Our mission
The timing of a new firm
The Inflection Point team
Our investment thesis
Our sustainability research process
Key differentiators
Market drivers
 

Inflection Point Capital Management’s mission:
to re-engineer the DNA of Finance and Investment.

 

Inflection Point’s investment research precursor, Innovest Strategic Value Advisors, was founded in 1992, one week after the historic Earth Summit in Rio de Janeiro. Innovest’s founder, Dr. Matthew Kiernan, had been the first Director of the World Business Council for Sustainable Development in Geneva, the primary private sector advisor to the Secretary General of the Earth Summit. Dr. Kiernan had chaired the group’s initial Capital Markets Task Force. Previously, he had been a senior partner in the strategic consultancy practice at KPMG. Those two sets of experience convinced him of both the desperate need to increase awareness of sustainability factors within the financial community, and the tremendous transformational potential available if this could be achieved.

The firm’s mission then was the same as Inflection Point’s is today: to have a substantial positive, systemic impact on improving global environmental and social conditions, using the international capital markets’ influence on companies as its chief instrument.

Our objective is to mobilize and leverage the enormous power of the financial markets, and redirect their investment flows to promote – rather than undermine – the necessary global transition to a more environmentally and socially sustainable economy. Accomplishing this will require nothing less than “re-engineering the DNA of Wall Street”.

The fundamental logic underpinning our work is deceptively simple:

  • Major multinational companies arguably have greater environmental and social impacts than any other institution in contemporary society.
  • Those corporations’ priorities and behaviour are heavily influenced by the expectations and requirements of their major institutional investors – the providers of their financial “oxygen supply”.
  • Change the priorities of the investors, and one inevitably changes the priorities – and behaviour – of the companies themselves.
  • If sustainability factors could be systematically – and credibly – injected into investment analysis, major corporations would be forced to improve their performance on environmental, social, and strategic governance (ESG) issues dramatically.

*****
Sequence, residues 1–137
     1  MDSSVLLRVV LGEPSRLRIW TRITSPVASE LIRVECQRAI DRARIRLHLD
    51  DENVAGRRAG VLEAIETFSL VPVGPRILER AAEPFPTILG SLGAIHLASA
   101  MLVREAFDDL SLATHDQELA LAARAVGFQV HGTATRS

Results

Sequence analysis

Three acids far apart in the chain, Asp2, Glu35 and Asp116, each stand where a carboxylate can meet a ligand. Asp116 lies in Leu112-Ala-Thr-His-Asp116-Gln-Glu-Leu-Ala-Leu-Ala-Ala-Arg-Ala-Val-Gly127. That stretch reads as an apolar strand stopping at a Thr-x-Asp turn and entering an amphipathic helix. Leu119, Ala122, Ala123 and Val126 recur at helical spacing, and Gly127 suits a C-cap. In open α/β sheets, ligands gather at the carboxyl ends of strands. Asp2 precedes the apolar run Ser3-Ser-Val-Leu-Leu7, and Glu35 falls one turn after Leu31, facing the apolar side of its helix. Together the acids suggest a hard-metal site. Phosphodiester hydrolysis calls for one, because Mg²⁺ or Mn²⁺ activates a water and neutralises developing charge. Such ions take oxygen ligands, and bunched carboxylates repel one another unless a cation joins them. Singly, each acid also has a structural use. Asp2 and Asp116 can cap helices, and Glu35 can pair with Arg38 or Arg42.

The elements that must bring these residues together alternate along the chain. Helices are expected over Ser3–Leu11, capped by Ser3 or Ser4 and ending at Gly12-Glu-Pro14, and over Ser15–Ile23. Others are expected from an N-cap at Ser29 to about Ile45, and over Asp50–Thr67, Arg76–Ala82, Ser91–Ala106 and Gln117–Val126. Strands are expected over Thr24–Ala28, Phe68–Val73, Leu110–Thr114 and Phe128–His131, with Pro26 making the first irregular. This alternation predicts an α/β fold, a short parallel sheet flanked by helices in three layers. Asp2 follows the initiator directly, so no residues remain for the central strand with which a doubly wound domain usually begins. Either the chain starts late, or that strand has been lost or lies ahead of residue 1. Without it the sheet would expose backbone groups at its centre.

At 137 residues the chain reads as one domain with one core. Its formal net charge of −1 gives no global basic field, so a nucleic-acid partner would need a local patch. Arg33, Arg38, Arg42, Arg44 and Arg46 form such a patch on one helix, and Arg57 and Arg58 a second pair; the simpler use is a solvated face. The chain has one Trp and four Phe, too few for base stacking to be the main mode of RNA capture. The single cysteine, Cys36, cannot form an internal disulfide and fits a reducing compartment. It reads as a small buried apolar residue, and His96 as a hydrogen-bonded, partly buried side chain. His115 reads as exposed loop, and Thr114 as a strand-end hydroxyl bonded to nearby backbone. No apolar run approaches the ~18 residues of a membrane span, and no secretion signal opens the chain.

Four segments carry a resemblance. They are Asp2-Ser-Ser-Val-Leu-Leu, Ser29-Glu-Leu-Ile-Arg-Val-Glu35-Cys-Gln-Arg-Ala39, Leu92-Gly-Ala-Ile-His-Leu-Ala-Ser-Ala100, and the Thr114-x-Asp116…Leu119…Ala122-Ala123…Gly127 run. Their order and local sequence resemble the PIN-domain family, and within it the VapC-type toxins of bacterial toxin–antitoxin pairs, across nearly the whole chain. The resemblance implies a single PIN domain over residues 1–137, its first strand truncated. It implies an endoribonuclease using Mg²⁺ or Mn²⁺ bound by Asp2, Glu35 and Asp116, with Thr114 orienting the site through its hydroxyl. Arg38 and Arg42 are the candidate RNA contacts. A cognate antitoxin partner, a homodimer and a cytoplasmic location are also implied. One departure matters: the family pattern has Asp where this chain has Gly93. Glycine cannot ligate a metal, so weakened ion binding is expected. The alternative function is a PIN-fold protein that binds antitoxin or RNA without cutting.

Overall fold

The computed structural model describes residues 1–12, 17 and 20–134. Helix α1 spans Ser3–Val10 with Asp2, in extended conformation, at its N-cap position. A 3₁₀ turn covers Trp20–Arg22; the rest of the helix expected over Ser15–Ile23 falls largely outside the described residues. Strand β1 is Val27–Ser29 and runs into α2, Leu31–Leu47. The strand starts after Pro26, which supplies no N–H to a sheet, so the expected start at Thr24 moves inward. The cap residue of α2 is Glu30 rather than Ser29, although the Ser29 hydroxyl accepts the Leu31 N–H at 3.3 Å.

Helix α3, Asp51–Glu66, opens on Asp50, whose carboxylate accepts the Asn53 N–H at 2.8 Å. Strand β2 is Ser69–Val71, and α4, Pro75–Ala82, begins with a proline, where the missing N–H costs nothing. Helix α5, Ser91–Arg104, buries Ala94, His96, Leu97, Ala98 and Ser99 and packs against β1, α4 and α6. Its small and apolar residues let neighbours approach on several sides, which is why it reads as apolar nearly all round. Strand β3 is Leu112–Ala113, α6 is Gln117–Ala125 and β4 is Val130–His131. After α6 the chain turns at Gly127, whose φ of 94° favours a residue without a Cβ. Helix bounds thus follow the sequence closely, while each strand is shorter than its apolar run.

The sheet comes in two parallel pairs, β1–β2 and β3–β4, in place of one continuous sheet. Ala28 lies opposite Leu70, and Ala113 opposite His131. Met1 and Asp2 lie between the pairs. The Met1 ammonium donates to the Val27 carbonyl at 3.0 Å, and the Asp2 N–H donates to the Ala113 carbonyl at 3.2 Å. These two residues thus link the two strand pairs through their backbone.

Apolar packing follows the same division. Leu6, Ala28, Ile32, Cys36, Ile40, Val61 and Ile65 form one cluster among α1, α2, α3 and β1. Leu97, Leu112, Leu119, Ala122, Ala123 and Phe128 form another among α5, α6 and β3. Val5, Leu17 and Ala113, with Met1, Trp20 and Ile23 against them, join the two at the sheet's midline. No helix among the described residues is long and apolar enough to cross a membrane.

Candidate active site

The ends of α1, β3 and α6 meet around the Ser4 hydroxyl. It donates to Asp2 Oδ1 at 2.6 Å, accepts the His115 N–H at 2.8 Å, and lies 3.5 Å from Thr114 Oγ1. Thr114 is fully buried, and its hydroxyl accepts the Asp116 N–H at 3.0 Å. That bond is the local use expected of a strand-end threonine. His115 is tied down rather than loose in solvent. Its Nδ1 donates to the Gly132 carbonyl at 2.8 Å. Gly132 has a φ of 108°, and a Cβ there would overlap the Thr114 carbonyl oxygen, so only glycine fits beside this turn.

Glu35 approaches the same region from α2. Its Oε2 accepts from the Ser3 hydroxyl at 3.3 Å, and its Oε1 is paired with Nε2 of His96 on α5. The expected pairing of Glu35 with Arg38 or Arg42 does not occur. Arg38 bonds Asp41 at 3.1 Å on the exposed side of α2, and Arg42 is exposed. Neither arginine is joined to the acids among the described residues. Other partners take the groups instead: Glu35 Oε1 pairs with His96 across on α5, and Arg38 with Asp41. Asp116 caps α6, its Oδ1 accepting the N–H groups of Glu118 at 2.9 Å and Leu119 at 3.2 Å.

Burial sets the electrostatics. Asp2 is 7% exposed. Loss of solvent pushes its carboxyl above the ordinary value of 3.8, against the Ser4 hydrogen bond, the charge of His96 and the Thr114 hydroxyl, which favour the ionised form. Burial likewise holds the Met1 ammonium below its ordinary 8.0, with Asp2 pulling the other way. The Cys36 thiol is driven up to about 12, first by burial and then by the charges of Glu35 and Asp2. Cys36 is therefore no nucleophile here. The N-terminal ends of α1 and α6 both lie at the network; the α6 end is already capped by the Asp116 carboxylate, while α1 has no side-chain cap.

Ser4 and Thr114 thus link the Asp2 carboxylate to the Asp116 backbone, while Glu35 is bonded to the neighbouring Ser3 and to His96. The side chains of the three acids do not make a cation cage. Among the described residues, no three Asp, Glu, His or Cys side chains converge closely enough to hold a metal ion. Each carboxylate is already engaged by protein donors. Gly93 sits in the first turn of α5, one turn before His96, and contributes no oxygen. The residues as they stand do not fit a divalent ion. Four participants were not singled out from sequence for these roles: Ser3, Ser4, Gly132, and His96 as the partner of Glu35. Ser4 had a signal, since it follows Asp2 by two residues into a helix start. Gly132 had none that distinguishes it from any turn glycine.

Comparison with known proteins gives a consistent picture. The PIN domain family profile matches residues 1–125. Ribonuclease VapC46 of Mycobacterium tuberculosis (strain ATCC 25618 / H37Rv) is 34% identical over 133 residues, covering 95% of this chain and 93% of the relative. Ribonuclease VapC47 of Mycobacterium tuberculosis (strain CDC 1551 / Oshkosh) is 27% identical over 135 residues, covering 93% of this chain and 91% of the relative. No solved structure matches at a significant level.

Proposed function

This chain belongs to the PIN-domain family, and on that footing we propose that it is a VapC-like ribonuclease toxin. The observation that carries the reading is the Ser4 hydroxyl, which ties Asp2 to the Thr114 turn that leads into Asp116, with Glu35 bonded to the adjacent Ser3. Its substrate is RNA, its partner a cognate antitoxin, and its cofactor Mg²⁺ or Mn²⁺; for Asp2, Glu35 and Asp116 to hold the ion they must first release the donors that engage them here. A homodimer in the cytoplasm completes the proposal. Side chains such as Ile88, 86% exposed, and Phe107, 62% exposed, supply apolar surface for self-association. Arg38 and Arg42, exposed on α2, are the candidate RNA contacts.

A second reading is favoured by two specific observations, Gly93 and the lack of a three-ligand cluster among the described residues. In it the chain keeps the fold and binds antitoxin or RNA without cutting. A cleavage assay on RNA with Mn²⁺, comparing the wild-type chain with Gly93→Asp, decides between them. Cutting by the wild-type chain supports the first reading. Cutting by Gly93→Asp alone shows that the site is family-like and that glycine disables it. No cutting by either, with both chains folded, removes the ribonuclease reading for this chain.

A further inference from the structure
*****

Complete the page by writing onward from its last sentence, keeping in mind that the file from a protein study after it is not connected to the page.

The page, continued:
In the early 1990’s, however, environmental and social issues were not even close to being on the radar screens of Wall Street, the City of London, and other major financial centers. On the contrary, to the extent that they were considered financially material at all, they were seen as economically unproductive expenditures which actually undermined corporate competitiveness and profitability, as well as investors’ returns. As long as these misconceptions remained dominant among all the key players in the investment value chain, there could be little if any realistic hope that financial markets could become an engine of global environmental and social progress and development.

If, however, a sceptical financial community could somehow be convinced that there was indeed a direct connection between companies’ capacity to manage environmental, social, and strategic governance (ESG) challenges on the one hand and their financial performance on the other, then the game could be changed completely.

Investors would begin to systematically factor companies’ ESG performance and strategic positioning into their financial assessments, using it as a proxy and leading indicator for the firm’s overall management quality. Leaders would thus be rewarded financially by the capital markets; laggards given a concrete incentive to improve. Company executives would, in turn, accord greater attention and priority to those areas, and they would become better resourced and managed. In short, the capital markets themselves would become a powerful, systematic catalyst for positive change.

In order to achieve an impact on anything like the scale commensurate with the magnitude of the global challenge, however, the mainstream capital markets will need to be engaged, not just the 5% at the margin who consider themselves “socially responsible” investors. This was – and remains – an enormously ambitious and difficult objective, and it remains one of the central animating drivers of Inflection Point Capital’s work today, and the genesis of IPCM’s “Total Portfolio Performance” approach.

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